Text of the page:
However, Hoffman’s argument can be contradicted by a speech given by Stalin on agricultural reform. He suggested, “the way out is to unite the small and dwarf peasant farms gradually but surely, not pressure but by example and persuasion,” suggesting that the peasants and government needed to cooperate in order to successfully integrate the small peasant farms into communes. However, it is vital to consider that the speech was delivered in December 1927 which is significant since Stalin had not consolidated his power and major debate had occurred on the future of Lenin’s New Economic Policy. By this stage Stalin was empathetic towards the policy of collective agriculture but there still remained opposition. Thus, this speech may have been created to glorify the process of collectivisation in order to amass enough support from the party to advocate it as an economic doctrine.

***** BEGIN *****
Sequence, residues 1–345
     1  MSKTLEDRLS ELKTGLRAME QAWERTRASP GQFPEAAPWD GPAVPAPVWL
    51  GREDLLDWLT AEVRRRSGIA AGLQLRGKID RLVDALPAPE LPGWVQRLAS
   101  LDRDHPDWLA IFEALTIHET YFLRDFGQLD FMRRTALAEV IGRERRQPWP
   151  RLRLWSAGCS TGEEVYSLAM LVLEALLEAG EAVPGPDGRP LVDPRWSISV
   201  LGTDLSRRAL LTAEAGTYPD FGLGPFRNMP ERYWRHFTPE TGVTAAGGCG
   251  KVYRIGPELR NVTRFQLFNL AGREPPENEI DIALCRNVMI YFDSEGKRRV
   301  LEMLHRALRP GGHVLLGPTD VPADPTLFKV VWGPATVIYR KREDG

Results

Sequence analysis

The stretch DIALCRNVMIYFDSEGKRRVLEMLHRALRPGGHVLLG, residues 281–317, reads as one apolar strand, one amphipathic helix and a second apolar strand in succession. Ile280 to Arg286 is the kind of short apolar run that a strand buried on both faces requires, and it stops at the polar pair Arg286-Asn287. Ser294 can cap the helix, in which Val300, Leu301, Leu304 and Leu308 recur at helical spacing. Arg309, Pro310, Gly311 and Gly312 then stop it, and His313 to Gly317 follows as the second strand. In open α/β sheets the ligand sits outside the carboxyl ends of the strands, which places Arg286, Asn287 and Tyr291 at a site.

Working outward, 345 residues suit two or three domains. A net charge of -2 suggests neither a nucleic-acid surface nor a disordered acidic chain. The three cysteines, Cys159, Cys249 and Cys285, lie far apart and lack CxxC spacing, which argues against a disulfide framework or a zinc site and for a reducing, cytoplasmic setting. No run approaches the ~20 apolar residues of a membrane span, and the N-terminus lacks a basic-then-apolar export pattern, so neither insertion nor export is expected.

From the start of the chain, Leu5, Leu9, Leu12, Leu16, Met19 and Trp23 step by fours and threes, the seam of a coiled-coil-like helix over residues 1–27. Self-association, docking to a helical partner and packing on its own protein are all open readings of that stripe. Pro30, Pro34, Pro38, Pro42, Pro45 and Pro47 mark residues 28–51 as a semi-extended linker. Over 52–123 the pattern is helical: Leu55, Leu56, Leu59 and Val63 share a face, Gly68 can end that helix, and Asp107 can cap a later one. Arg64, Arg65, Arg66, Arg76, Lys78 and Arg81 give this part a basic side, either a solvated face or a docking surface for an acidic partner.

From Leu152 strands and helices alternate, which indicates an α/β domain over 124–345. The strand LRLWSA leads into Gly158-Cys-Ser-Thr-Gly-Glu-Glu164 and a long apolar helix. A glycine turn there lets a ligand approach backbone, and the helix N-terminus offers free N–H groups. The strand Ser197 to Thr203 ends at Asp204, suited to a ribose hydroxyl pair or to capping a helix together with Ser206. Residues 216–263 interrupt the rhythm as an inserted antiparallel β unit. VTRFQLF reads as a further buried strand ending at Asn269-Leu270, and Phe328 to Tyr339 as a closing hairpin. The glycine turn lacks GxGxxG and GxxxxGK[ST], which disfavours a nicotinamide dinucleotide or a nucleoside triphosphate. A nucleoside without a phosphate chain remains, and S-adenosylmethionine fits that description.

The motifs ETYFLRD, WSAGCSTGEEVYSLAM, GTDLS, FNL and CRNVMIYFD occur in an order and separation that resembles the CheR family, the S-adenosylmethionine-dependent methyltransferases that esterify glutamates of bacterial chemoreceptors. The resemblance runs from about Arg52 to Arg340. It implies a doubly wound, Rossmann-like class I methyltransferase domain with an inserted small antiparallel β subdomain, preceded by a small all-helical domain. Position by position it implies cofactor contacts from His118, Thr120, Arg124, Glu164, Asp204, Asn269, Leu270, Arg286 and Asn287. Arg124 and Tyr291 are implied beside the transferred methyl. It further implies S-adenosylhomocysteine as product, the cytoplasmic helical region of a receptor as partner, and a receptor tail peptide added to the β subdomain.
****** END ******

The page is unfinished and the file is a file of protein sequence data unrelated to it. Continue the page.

A counter argument is suggested by Jean Elleinstien who argues that Stalin methods included “increasing taxation on the rich and abolition taxation on the poor, stepping up aid to collective farms and state farms,” suggesting the government and peasants remained compliant with each other which means that the methods can be justified since they were beneficial. Her argument can be credited by the accounts that suggest the farms had access to clean water and electricity and schools and health centres were established on the farms in order to incentivise more peasants to join. Even women were allowed to work instead of staying at home. As a result, nearly 50% more of the population in the countryside could be mobilised to work the fields. This allowed the transition of labour from the countryside to the cities. These methods of incentivising collectivisation confirm some validity to her argument since it testifies that the state not bullying the peasants but helping them transition into collective farm. Therefore, the methods are justifiable since they were not brutal but only an aid for the peasants. However, Elleinstein’s argument can be heavily contradicted. For example, the interview of an OGPU colonel who in an interview commented, “did I do all that in order that I should now surround villages with machine-guns and order my men to fire indiscriminately into the crowds of peasants?” This undermines Elleinstein’s case that there was cooperation because it explicitly highlights the use of violence to subjugate the peasants and the results if they resisted. His interview can be considered credible since he referred to himself an as “old Bolshevik,” and told how he “worked in the underground against the Tsar,” and “fought in the civil war,” therefore his ideology would have been of a true Bolshevik and despite remaining in the Party under Stalin would give a true representation of the events that occurred. In addition, the number of organised rural mass disturbances increased from 172 for the first half of 1929 to 229 for the second half which corroborates the source since he was referring to the execurtion. Therefore, there is little support for Elleinstein’s argument and for the cooperation between the peasants and the Bolshevik but were more Methods that cannot be justified regardless of achieving a collectivised countryside.